Thursday, December 1, 2022

Comments by CMiller225

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  • Everything that has to do with phenotype, whether it’s susceptibility to disease, physical appearance or mental health, is a result of genes interacting with the environment. Think about it. If we had the genes of a mouse, our behavior would be very different; alternatively, if we were raised on Mars, our behavior would be very different from Earthly counterparts. A good example of how genes and environment affect behavioral outcome is the response of some individuals to marijuana use. Whether it is studies of siblings in Australia (McGrath et al.) or twins in Sweden (Kendler et al.), the young person using marijuana is more likely to develop psychosis, yet not all individuals worldwide suffer this risk. (about 5% of those who use potent marijuana heavily could be expected to develop a psychotic disorder; DiForti et al.). What this means is that both environment (in this case, marijuana use – McGrath et al. and Kendler et al.) and innate differences between individuals (DiForti et al.) make a difference. We just don’t know what genes make a difference for each environmental variable, and the PRS scores were researchers best attempt to put together a set of genes that could account for all environmental forces of importance, but they failed to develop a set that applied to enough people to be meaningful. With marijuana as the environmental variable, there will undoubtedly be genes of risk that are specific to THC metabolism and THC receptors, and not all those genes are well characterized at this point in time and were unlikely to be part of the PRS scores for behavioral disorders.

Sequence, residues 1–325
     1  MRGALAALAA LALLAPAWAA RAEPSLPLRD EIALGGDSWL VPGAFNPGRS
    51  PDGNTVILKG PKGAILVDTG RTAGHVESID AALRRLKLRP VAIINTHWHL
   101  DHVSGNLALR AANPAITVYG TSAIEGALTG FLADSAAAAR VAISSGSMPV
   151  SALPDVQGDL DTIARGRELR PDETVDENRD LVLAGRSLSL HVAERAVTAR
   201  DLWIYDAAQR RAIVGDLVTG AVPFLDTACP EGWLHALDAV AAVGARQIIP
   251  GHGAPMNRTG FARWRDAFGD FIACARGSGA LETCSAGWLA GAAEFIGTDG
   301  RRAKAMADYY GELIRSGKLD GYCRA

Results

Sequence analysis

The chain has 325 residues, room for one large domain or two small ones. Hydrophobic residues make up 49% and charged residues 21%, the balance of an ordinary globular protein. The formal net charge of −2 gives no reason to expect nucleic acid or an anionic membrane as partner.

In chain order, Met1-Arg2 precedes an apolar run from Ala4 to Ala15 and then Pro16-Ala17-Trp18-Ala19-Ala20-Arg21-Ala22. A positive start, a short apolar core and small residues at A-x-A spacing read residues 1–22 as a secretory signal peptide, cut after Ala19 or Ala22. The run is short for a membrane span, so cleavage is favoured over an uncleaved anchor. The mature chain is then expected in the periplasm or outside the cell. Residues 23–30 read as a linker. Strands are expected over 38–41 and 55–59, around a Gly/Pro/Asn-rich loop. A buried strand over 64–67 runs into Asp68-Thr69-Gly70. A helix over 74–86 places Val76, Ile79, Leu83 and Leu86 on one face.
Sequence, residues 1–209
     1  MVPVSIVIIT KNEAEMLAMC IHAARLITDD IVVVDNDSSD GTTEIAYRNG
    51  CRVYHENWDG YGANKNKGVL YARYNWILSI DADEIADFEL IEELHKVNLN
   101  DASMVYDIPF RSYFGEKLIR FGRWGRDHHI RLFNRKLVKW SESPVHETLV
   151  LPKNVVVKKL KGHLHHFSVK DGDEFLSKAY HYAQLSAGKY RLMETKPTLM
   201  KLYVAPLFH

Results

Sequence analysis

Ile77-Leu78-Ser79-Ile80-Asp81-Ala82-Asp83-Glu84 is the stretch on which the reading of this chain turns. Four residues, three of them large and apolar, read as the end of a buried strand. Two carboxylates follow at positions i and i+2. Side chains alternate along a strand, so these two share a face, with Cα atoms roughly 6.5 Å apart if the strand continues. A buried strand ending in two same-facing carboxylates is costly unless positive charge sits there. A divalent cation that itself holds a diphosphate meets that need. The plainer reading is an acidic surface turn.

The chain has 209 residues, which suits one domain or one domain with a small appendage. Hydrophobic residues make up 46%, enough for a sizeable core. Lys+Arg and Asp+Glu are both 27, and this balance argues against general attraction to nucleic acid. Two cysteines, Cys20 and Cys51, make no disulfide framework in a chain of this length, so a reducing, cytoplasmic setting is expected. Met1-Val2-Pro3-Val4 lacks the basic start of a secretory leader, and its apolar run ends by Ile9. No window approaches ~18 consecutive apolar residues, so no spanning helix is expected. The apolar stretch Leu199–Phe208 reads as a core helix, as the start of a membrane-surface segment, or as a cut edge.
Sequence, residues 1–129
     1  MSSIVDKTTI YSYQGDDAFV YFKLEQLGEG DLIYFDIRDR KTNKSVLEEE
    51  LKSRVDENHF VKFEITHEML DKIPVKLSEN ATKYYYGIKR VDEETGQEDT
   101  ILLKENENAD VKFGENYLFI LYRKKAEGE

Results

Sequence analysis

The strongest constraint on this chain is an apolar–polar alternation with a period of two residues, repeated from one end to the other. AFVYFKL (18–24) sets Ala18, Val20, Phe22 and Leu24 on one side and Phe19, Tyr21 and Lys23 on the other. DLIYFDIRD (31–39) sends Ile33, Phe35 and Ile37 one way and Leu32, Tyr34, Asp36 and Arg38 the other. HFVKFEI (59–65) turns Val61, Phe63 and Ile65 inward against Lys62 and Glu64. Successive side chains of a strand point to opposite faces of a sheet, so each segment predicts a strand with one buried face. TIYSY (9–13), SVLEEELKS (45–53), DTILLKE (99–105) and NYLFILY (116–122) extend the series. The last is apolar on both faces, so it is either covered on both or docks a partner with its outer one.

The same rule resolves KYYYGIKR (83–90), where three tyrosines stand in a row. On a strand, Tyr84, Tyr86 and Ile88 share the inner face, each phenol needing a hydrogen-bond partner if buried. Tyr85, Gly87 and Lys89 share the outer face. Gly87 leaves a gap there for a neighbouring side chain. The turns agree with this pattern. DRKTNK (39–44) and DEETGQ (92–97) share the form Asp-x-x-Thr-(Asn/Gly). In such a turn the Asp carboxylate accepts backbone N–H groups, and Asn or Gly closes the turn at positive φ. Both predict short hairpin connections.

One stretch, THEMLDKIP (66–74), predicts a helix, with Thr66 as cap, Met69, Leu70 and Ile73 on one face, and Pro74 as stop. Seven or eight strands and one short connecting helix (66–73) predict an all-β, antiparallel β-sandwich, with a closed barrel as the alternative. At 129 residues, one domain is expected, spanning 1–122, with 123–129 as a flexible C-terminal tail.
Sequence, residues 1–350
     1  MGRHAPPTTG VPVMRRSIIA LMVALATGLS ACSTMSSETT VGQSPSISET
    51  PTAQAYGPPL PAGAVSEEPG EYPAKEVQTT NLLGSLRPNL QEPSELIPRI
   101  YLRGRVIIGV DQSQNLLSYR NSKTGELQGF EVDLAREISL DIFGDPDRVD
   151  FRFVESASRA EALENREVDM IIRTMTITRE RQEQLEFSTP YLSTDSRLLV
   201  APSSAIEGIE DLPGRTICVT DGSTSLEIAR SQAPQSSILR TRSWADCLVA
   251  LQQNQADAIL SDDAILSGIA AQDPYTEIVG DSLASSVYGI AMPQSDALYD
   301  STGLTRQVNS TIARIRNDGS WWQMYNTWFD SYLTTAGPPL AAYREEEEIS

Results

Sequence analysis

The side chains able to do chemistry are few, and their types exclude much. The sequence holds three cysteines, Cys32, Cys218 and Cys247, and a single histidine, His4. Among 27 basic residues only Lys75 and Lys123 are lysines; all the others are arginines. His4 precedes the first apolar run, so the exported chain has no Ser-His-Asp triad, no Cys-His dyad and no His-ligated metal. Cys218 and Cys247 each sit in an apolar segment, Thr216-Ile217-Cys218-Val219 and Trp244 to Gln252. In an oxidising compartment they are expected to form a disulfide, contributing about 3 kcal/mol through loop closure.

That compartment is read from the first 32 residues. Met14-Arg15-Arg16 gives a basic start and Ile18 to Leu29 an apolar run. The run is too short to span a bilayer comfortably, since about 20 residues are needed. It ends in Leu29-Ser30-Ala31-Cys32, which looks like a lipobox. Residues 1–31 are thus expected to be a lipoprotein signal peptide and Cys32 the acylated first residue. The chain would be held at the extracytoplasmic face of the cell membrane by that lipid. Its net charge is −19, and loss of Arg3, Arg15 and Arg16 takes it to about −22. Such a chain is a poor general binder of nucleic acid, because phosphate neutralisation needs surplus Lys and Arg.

What must be done is to set up a PRS score for each environmental component thought to increase risk for a particular behavioral disorder, and then we might get somewhere. But to say that genes aren’t important in behavior because the set of genes chosen for the PRS analysis weren’t correct, is ridiculous. Anyone who maintains that genes have no role in behavior is ignoring the differences in behavior that clearly exist between other species and humans, and those differences have nothing to do with environment.